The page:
So please go check out the blog and follow it!

Inspired by the Broken Light Collective, I would like to do something similar with art in all other media excluding photography and post a picture a day of art work with the person’s story. I’m thinking of calling it the Shadow Brush Group and would model it on the philosophy of Broken Light. It would just be a place where people instead of sharing photos, share photos of paintings, drawings, mixed media, sculpture, crafts, fiber arts, environmental art, even short poems.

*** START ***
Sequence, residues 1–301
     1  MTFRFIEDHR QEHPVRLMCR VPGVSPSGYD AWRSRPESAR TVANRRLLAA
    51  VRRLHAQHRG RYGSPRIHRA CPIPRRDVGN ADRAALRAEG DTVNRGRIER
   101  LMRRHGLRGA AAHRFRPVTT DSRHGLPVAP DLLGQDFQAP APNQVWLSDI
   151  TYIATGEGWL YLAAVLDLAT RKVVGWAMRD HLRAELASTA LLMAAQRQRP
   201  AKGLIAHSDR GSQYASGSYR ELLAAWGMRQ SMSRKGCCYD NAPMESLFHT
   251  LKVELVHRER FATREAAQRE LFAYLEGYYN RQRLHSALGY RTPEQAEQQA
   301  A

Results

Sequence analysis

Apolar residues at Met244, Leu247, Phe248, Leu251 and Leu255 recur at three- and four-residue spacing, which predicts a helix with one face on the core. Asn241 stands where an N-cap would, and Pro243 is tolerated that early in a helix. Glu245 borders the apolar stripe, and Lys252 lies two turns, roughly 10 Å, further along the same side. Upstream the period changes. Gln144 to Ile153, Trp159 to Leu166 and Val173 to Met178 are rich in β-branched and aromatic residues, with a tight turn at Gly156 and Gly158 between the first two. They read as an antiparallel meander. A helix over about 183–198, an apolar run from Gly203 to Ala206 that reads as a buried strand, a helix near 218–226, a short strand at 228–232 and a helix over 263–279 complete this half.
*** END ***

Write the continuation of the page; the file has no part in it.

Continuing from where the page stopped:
Note: For the Broken Light Collective people can choose to post on there with their real names and also are able to post with a pseudonym to keep their privacy… There is no judgment either way, just an invitation.

My 9/11/12 post a day late…

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These photos did not show up in the order I intended, however they are a good representation of the way the day of 9/11 is punctuated by memories, memories of artwork I did that was very much a personal response, and the present day 11 years later with the ghost of the towers shining in the clear night sky. I also took some pictures of sunflowers at a deli on Chambers st. That I should have included…